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Just got back from The Joyce Theater. What a show! Ben Munisteri is a wonderful choreographer, and has an excellent group of dancers performing pieces set to an extremely eclectic, and wonderful, selection of music.
Ben Munisteri Dance Projects (oh, by the way Danica is the one being lifted in the large image on the linked page) presented five pieces. All were wonderful but three really stood out for me—Smash Through to Sunlight, Earthly Perch and Turbine Mines.
Smash Through to Sunlight is a striking duet performed by guest dancers David Leventhal from Mark Morris Dance Group and Larry Keigwin. Part of what made this one stand out for me was the excellent use of the technical lighting as an element of the dance, instead of as a minor accent or—as it seems is more common—as a purely accidental afterthought. Ben choreographed this piece together with his lighting designer Kathy Kaufmann.
Turbine Mines is a piece choreographed for six dancers, set to Vangelis’ Bladerunner score—including the voice track featuring Harrison Ford, Rutger Hauer and Sean Young. Everything for this piece was excellent – lighting, costume, choreography and the dancers were amazing. I was skeptical about a modern dance piece based on what is for me in many ways a “Holy of Holies” of sci-fi and movies. Ben pulled it off beautifully.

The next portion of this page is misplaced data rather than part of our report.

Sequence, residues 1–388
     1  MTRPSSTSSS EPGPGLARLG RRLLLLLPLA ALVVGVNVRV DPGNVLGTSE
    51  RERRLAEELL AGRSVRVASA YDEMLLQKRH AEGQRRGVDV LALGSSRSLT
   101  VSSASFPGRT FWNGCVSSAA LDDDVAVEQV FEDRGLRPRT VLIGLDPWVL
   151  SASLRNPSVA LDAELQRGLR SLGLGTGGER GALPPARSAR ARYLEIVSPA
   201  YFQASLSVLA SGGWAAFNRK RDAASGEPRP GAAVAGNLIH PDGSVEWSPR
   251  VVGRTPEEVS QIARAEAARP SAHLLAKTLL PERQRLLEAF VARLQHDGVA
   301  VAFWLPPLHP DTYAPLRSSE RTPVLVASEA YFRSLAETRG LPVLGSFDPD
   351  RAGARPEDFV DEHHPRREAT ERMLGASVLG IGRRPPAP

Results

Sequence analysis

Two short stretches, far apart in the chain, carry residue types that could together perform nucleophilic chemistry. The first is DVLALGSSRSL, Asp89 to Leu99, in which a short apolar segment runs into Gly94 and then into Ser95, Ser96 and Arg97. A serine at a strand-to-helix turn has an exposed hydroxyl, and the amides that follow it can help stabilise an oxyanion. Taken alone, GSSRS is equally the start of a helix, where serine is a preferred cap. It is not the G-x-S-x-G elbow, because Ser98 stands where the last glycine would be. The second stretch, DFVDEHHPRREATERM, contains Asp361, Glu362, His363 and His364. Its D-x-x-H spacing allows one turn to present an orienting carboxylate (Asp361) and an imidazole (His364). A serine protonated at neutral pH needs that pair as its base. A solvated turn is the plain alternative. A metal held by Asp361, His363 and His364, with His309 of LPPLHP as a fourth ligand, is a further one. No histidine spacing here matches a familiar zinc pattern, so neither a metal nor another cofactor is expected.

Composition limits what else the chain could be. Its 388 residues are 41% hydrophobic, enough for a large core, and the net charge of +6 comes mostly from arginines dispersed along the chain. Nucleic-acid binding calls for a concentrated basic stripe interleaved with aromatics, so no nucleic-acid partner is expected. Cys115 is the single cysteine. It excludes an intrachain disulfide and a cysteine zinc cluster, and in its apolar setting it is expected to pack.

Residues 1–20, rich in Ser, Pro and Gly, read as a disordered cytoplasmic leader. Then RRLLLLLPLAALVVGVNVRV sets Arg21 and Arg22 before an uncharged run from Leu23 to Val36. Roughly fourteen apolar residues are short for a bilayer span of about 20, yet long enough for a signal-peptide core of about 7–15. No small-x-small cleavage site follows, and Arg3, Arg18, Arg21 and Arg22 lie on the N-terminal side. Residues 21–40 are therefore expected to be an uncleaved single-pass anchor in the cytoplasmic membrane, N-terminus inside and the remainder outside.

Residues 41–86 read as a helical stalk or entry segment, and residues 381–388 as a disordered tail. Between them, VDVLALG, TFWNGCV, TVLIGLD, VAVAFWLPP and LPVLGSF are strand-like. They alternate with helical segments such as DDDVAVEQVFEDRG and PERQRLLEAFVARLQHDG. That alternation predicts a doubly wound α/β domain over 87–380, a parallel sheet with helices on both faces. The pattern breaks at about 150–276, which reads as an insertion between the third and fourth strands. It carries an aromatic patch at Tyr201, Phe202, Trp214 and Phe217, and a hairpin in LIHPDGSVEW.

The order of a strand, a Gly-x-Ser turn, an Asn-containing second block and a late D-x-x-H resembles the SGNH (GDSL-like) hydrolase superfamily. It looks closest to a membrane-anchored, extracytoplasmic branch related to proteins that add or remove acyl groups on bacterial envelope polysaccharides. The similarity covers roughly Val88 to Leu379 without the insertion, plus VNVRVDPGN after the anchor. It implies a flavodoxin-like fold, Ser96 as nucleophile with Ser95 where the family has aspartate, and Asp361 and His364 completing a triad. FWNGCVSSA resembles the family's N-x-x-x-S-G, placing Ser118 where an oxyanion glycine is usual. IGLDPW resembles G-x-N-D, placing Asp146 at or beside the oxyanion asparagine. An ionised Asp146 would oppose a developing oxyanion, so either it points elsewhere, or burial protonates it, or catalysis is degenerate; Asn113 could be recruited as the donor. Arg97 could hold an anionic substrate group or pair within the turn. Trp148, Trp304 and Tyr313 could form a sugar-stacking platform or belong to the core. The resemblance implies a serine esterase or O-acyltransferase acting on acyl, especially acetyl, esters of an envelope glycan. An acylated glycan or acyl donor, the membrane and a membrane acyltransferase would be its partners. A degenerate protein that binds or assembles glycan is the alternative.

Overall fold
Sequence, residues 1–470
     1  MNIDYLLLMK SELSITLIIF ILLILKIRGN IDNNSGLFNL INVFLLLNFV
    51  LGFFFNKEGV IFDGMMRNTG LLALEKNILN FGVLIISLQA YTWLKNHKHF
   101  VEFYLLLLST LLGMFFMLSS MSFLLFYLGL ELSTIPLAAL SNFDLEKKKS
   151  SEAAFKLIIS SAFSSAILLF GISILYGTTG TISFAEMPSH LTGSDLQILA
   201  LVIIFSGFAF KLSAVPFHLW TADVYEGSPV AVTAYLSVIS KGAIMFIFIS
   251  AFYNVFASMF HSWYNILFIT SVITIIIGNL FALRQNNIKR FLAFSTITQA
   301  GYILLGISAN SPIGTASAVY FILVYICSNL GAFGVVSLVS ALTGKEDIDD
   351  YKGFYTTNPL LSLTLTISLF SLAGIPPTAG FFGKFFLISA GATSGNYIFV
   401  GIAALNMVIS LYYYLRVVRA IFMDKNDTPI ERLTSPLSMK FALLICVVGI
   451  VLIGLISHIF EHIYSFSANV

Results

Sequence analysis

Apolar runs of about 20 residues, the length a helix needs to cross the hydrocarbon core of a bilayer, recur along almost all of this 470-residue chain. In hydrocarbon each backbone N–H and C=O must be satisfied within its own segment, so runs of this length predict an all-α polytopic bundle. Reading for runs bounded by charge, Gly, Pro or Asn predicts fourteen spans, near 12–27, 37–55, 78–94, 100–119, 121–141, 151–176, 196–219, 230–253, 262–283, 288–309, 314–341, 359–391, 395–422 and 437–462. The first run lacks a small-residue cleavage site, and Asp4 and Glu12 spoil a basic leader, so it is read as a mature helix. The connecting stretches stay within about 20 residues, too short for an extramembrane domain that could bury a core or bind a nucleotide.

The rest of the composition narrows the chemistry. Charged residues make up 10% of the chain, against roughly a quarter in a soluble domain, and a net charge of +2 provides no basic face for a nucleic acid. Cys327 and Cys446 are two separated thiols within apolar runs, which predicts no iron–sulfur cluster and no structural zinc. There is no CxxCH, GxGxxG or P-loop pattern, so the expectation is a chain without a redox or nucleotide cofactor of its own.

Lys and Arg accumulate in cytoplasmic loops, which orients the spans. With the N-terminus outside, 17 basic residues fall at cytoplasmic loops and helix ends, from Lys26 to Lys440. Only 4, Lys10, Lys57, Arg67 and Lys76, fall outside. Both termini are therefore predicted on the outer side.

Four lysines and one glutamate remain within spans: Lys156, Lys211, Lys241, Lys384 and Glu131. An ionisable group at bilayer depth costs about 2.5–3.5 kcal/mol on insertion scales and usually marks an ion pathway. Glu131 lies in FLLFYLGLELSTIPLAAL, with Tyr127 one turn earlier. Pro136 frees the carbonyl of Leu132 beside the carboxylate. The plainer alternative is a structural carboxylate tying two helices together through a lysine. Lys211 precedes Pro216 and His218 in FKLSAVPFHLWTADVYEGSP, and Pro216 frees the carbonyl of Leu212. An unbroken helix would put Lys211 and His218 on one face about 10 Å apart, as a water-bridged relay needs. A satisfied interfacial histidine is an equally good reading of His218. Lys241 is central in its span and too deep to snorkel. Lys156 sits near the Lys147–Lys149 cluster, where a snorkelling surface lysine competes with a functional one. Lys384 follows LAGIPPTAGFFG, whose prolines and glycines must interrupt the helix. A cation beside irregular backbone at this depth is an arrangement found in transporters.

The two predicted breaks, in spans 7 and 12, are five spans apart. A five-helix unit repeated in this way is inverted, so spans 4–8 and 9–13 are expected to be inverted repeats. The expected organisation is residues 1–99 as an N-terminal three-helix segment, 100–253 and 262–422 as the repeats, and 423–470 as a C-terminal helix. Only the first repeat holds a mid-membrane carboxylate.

Earthly Perch was also an excellent piece which really stood out to me for Ben’s use of the dancers—shifting patterns, forming, parting and reforming. A beautiful piece that really highlights the strengths of the Ben’s choreography, individual dancers and the group as a whole.
Ben Munisteri Dance Projects will be performing again on Sunday, January 18th at 7:30 p.m. You can buy tickets online, by phone or at the door (maybe at the door, the theater was full tonight!) However you order, I highly suggest seeing this show. If you enjoy Modern Dance at all you will not be disappointed by Ben’s premiere at the Joyce.
In other New York news, it started lightly snowing when we went in to the Joyce, now there looks to be a good 2–3” of snow on the ground. It is a beautiful “dry” powdery snow that glistens and shines like millions of tiny white jewels. I especially love New York in the snow—when it’s first falling and collecting overnight at least. The normal reflected light effect you see everywhere else is tinted in an otherworldly yet peaceful warm glow from the orange light cast by the street lamps. Almost a Martian feel to it. Strange but wonderful and peaceful. Tomorrow’s outing to B&H, the Joyce, the Museum of Natural History and Chinatown in cold slippery slush may make me feel different, but right now it is gorgeous.